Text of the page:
Darwin's dilemma

Louis Proyect lnp3 at SPAMpanix.com
Wed May 3 20:31:22 MDT 2000

John Bellamy Foster, "Marx's Ecology":

Darwin wrote the first short draft of his theory of the transmutation of
species in soft pencil in 1842. Two years later he wrote a much longer
draft, of about fifty thousand words, and gave strict instructions to his
wife Emma that it should be published upon his death. It was not until
1858—two decades after he first articulated his theory in his Notebooks—
that he made it public in a joint presentation of papers with his young
rival Alfred Russell Wallace (publishing The Origin of Species itself in
the following year). And he only did so then when it appeared that Wallace
would scoop him. This has raised the issue (as we saw in Chapter Two) of
what Stephen Jay Gould has called "Darwin’s Delay"—a question which has
been of increasing interest to Darwin scholars, particularly with the
publication of his early transmutation notebooks.

The traditional interpretation for the delay has been that as a rational
scientist Darwin had simply been slowly accumulating evidence in order to
construct a much stronger theory. But such an interpretation must explain
why during these years he was engaged in activities such as the writing of
a multi-volume work on the taxonomy and natural history of barnacles. Based
on the evidence provided in Darwin’s Notebooks, historians of science have
recently arrived at quite different conclusions, now almost universally
held by Darwin scholars: that Darwin was a ‘‘tormented evolutionist,"
"reluctant revolutionist," and alarmed materialist, trying to reconcile his
scientific discoveries with his traditional Whig and Anglican beliefs,
fearful as well as of losing his respectability and his position within
elite circles. Still, it would be a serious mistake to attribute Darwin’s
delay to cowardice. Rather he needs to be understood not simply as a
scientist, but as a complex social actor in a time of turbulent social
change, trying to advance his scientific views, which were rooted in
materialism, while defending a particular class position. The grandson on
his maternal side of industrialist Josiah Wedgwood, living on his estate at
Down House in Kent, his money (and his wife’s money) invested in railroad
stock, Darwin was a strong believer in the bourgeois order. His science was
revolutionary but Darwin the man was not, and therein lay his inner dilemma.

England in Darwin’s day was a seething cauldron of discontent. In August
1839 when he was attending a meeting of the British Association for the
Advancement of Science in Birmingham he found a city on the verge of
martial law. The Chartist Convention was being held in the town and
socialists and red-Lamarckian evolutionists were in attendance— with half a
million pamphlets denouncing property, marriage, and the uncooperative
state being distributed. In 1842, while Darwin worked on his evolutionary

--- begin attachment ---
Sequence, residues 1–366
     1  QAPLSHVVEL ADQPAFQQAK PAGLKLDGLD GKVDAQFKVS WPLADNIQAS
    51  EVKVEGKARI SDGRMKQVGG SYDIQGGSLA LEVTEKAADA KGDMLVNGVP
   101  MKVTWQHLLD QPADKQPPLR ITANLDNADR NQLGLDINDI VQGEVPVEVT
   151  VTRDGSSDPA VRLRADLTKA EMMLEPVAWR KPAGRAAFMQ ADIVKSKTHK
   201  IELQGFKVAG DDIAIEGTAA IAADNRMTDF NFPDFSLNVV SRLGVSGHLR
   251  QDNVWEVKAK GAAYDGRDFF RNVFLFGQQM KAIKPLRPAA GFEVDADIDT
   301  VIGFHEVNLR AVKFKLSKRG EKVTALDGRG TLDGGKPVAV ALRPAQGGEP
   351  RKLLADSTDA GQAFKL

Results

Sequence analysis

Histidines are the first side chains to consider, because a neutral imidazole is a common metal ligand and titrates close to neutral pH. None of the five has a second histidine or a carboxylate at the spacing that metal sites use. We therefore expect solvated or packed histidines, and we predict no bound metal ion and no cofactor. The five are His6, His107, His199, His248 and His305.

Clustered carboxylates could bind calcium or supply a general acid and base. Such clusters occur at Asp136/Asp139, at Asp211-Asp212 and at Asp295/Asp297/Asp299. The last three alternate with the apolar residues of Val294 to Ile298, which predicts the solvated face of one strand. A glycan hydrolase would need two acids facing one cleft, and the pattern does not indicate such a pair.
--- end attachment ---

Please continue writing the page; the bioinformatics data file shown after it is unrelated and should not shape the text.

sketch, the entire country was paralyzed by a general strike organized by
the Chartists. The Riot Act was read in many of the industrial towns, and
in some demonstrators were shot and killed. Meanwhile the atheists had
recently founded an illegal penny paper, the Oracle of Reason, which was
selling in the thousands. It attacked religion with geological tidbits and
revolutionary Lamarckianism. William Chilton, writing for the Oracle,
presented materialism in revolutionary class terms, coupling this with
evolutionary concepts: "Man was just a collection of organized atoms." The
Oracle attacked Paley’s natural theology as a "pernicious" justification of
the status quo. In August 1842 the Oracle editor, George Holyoake, was
tried publicly and uttered such blasphemies as the non-existence of God and
the inability of the poor to support parsons during economic bad times.
Darwin meanwhile had been reading William Cobbett’s Rural Rides, with its
attacks on Parson Malthus and the Corn Laws. With an uprising feared, the
old "Iron Duke," the Duke of Wellington, called up the Guards and special
units of the police. The zoologist Richard Owen, a colleague and
collaborator of Darwin’s, drilled with the Honourable Artillery Company and
was called out to reinforce the police. Day after day, up to ten thousand
demonstrators massed on the commons all over the capital. Darwin and his
wife Emma, in relief, left London in the fourth week of the general strike
to take up residence in the rural surroundings of their new home at Down
House in Kent.

The new setting did not, however, lessen the magnitude of the dilemma in
which Darwin was caught, when writing up his theory for the first time. As
Adrian Desmond and James Moore observe in their biography, Darwin: The Life
and Times of a Tormented Evolutionist (1991),

"Of course Darwin could not publish. Materialism petrified him, and one can
see why, with it condemned by the forces of Church-and-State as a
blasphemous derision of the Christian law of the land. He was too
worldly-wise not to sense the danger, the damning class implications. He
had no illusions about how he would be treated.... By netting man and ape
together he risked being identified with atheistic-low-life, or with
extreme Dissenters cursing the 'fornicating' Church. The 'whole fabric' was
ready to be ripped apart without his help. As the old world "totters &
falls," he could not be seen aiding the demolition. Ultimately he was
frightened for his respectability. For a gentleman among the Oxbridge set,
priming itself to guard man’s soul against the socialist levellers,
publishing would have been tantamount to treachery—a betrayal of the old

Louis Proyect
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